Will the Gulf embrace IPAF's latest technologies?
PMV finds out whether the GCC's access platform sector is ready to adopt smartcard and e-learning technologies?
At the beginning of February, IPAF Middle East held its annual convention in Dubai. The event was attended by a broad range of industry stakeholders, from the people who design and manufacture aerial work platforms (AWPs), to those who use them on a day-to-day basis.
Operating at the interface between manufacturers and end users, the International Powered Access Federation (IPAF) represents the AWP industry’s safety champion. However, the federation’s activities stretch beyond campaigning alone. Through its Powered Access Licence (PAL) programme, IPAF provides industry-recognised, accredited training for professionals who work at height.
The core messages conveyed through this training remain largely unchanged from one year to the next, but in 2015, IPAF will continue to upgrade the media through which these messages are communicated and enforced.
“The PAL Card is proof that an operator has successfully completed the training and passed [his or her] test,” said Tim Whiteman, IPAF’s chief executive officer.
“More than a million of these cards have been issued over the last decade, but it’s about time the PAL Card was updated,” he said.
To this end, IPAF has introduced the Smart PAL Card. This card features an embedded chip that contains an array of data concerning the cardholder and the AWPs that he or she is qualified to operate. When used in conjunction with card readers, it can help to prevent under-trained or unauthorised personnel from using particular machines.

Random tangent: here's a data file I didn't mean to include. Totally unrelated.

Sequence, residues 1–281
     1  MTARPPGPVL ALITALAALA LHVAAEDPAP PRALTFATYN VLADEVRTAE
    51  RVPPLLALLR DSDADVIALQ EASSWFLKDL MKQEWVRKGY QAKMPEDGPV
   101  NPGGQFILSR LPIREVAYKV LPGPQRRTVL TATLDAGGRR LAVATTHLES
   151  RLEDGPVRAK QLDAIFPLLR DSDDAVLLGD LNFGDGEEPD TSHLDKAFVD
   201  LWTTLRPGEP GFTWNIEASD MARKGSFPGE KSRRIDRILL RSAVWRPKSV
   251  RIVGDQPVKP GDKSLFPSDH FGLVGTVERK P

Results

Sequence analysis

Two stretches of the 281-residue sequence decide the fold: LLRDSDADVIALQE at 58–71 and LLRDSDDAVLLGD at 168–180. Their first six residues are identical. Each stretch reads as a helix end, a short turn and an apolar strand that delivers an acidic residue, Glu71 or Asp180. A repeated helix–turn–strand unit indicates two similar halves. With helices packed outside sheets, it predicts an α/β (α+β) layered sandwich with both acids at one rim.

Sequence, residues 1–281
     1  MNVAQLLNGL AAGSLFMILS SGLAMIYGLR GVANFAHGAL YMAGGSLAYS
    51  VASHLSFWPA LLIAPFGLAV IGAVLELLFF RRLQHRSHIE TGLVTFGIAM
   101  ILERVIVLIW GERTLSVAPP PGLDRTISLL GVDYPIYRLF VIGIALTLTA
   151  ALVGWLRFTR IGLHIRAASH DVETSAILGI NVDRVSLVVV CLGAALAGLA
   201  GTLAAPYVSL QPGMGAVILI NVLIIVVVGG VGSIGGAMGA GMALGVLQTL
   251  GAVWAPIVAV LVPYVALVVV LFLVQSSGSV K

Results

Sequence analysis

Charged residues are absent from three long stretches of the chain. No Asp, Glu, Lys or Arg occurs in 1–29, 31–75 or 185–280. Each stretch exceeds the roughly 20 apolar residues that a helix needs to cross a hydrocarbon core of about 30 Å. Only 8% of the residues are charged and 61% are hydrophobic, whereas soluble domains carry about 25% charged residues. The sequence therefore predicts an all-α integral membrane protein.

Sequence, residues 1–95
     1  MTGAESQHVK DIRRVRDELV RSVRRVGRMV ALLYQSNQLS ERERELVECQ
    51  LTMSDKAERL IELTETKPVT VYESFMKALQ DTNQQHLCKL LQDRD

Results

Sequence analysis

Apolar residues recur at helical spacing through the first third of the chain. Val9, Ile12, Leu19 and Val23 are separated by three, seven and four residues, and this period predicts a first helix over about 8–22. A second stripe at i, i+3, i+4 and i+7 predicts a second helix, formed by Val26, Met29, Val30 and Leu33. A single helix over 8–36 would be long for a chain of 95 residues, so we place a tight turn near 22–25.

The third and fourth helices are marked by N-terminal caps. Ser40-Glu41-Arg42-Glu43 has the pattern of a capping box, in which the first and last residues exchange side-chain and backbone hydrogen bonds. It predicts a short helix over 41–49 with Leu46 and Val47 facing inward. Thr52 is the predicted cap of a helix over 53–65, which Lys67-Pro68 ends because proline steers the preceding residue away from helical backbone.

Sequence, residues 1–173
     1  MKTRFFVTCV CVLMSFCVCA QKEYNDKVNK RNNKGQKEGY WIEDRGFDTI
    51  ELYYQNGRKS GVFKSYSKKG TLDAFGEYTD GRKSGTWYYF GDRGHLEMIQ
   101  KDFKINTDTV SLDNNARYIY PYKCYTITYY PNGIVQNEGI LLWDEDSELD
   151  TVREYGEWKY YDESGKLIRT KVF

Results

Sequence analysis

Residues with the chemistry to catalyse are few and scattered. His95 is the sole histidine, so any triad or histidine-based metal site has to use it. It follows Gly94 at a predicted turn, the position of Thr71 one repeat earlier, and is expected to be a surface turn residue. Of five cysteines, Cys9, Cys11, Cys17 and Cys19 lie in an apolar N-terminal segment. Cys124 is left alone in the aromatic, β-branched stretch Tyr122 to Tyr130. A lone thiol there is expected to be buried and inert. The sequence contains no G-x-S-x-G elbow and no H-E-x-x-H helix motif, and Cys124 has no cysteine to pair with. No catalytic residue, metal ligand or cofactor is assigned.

“Since [the beginning of] this year, all new PAL Cards issued have been Smart PAL Cards,” Whiteman told his Dubai audience.
“In the UK today, there are already about 50,000 people who have a Smart PAL Card, and by the end of this year, there will be nearly 200,000 people worldwide with one of these cards,” he added.
The Smart PAL Card could well prove to be a valuable tool in the battle to enforce safe practice, but equally important will be the training that leads to its issuance. With this in mind, IPAF has created an e-learning programme, which is ready to be rolled out globally. The technology, according to Whiteman, will significantly improve the quality of – and access to – IPAF’s existing training methods.
“IPAF really wants to ensure that its training stays ahead of the game,” he said.
“We’re investing a considerable amount this year in our state-of-the-art e-learning system, which can be used instead of traditional classroom teaching, or it can be used to supplement it, or it can be used by operators who wish to refresh their knowledge,” he explained.
Whiteman contends that IPAF’s e-learning programme should be viewed as an addition to – not a replacement for – traditional, classroom-based learning.
“This won’t replace traditional classroom methods,” he explained. “It will replace the material, so the instructors will receive a much more sophisticated and advanced programme to use within the classrooms. It will allow us to move into other languages more quickly in the future, which is a very exciting development for us. We want to make training available in the language of the operator.”
But how will these technologies fare in the Middle East? The Smart PAL Card, for example, might now be standard issue, but it will not be able to realise its full potential unless AWP owners invest in card-reading technology.
“In terms of smartcards, we need to get sufficient numbers of qualified people before we start to invest in supplementary technology,” said Wayne Taylor, managing director of Abu Dhabi-headquartered rental firm, Safelift.